Wishing you self-care,

Courtney

3 Things I Wish I Knew Before I Had Kids

3 Things I Wish I Knew Before I Had Kids

Recently I wrote a post about 3 things I wish I had known before I got married. I wanted to follow that with a post about 3 things I wish I had known before I became a parent, because motherhood is definitely one of those things where expectations sometimes don’t match reality.  Hopefully this helps some new or future moms out there. And I would love to hear from experienced moms who have advice to give.

Don’t worry too much about labor– Before I gave birth for the first time I obsessed over what labor would be like and how I could prepare myself. I read every book, article, and forum I could find. But the reality is, if you’re having a hospital birth with an epidural, most of that is unnecessary. The whole process is painful and tiring but relatively simple, and doctors and nurses who help with labor every day are there to assist. You’ll have way more work to do when you actually go home with your baby.

But, it doesn’t hurt to do some research. You should educate yourself about your options in case there are complications. And if you’re planning on a natural birth without an epidural then you should prepare yourself as much as possible beforehand for the physical and mental task you’ll be undertaking.

Breastfeeding can be really hard- When I was pregnant with my oldest son Mason, I didn’t think too much about breastfeeding. I knew that I wanted to do it, but I imagined it wasn’t any harder than just putting my baby to my breast. But when he was born and started breastfeeding the whole experience was incredibly painful for me. And my milk didn’t let down as much as it should have as a result.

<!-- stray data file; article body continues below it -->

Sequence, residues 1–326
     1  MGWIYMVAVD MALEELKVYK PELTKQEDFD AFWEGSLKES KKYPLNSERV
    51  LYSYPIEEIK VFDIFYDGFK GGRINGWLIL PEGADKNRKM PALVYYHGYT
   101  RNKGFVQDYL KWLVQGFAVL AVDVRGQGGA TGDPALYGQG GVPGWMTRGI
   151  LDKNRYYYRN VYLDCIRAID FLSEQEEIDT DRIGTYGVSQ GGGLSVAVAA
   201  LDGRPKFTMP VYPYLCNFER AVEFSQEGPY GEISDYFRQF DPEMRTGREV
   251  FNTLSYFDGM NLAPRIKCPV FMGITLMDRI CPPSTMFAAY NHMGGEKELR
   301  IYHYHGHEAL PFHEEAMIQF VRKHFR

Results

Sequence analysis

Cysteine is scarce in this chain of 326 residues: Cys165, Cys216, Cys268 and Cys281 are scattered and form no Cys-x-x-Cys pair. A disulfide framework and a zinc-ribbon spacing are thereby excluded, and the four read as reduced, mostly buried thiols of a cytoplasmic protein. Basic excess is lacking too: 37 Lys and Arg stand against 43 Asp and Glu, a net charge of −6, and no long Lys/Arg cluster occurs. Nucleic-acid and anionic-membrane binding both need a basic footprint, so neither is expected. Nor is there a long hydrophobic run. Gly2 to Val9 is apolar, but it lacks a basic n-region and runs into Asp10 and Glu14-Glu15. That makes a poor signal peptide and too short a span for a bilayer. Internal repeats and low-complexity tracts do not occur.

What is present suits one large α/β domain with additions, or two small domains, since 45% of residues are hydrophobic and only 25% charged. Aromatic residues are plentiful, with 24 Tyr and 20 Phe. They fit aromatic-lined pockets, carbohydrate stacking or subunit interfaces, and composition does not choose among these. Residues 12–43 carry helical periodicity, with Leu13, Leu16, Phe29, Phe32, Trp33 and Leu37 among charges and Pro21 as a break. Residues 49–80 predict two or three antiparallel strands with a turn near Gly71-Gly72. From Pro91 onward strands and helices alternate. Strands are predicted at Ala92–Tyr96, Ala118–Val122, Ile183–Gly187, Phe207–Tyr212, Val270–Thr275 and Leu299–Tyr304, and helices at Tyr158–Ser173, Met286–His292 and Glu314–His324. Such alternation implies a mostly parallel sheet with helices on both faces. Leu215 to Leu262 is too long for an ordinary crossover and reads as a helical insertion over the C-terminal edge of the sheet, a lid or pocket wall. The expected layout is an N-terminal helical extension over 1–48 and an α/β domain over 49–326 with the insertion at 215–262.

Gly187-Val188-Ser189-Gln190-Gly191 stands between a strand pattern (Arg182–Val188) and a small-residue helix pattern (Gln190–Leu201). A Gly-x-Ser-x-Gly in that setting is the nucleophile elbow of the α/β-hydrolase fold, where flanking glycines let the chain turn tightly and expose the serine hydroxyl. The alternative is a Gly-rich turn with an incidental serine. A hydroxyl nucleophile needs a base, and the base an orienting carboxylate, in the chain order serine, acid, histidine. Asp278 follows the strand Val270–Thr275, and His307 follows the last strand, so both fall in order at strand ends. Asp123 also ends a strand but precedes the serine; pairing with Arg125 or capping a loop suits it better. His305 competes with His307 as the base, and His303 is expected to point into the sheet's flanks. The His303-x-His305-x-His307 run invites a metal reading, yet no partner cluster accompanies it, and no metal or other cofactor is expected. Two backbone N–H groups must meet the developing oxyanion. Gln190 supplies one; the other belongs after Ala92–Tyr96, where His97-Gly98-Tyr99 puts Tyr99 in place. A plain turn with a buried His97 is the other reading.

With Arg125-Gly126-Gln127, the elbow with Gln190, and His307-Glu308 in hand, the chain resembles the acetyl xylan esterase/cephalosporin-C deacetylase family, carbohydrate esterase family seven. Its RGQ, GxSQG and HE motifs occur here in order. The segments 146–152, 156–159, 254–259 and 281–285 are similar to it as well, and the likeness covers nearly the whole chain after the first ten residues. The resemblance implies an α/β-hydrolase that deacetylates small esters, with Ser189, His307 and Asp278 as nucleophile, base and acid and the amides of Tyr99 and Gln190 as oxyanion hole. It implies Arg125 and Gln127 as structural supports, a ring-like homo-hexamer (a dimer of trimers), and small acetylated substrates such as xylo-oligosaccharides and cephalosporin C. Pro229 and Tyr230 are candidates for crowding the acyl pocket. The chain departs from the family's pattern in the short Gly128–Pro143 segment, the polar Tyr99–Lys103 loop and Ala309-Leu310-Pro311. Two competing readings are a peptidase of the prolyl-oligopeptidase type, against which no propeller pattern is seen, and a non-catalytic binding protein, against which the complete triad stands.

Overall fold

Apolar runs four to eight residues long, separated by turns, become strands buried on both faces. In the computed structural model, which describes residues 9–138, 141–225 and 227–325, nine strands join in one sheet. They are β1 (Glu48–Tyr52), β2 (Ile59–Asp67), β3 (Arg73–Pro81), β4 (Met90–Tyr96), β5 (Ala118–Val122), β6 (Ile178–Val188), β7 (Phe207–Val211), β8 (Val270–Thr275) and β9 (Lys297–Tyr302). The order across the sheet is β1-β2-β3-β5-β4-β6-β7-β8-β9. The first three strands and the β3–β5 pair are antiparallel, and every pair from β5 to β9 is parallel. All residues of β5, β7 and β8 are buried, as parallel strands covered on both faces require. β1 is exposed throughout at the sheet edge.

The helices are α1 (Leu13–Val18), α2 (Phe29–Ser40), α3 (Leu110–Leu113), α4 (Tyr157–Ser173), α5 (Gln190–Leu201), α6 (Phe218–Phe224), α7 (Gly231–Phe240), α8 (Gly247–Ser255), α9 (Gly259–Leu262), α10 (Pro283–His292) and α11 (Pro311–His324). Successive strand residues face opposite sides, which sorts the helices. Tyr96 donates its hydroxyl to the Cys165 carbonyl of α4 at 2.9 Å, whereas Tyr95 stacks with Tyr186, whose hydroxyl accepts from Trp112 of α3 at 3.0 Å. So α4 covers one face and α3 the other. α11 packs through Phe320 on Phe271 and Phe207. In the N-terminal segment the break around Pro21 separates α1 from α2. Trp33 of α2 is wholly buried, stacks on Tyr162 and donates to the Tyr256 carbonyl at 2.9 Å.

It turns out the pain was due to an improper latch that took me a long time to correct, even with help (some people also think breastfeeding with boys can be a little tougher for sensitive moms). I kept going and breastfed for 9 months, and it eventually got much easier, but I regret not preparing more beforehand. Some women don’t have any trouble with breastfeeding. My own mother breastfed my little sister for 2 years with no problems. But for others, it can be a struggle. You should study up on latches and positions before your baby comes. Also many hospitals will send a lactation consultant to see you automatically, but if they don’t, then ask for one. Even if you think things are going well right out of the gate, it doesn’t hurt to make sure.

You don’t need much stuff- I have a ton of baby gadgets for my sons. Some things are amazing, but sadly many things I’ve purchased have gone unused because they weren’t interested. Every baby is different, and you never know if something will work for your child even if it worked for a family member, friend etc. For example, Mason loved his swing but hated his Jumparoo and never used it. Myles isn’t a big fan of the swing. So don’t feel like you have to spend a ton on baby gadgets. Even the things that work only last a short period of time before your baby outgrows them. Babies really only need the basics (and your love and attention) to thrive. Anything else is extra.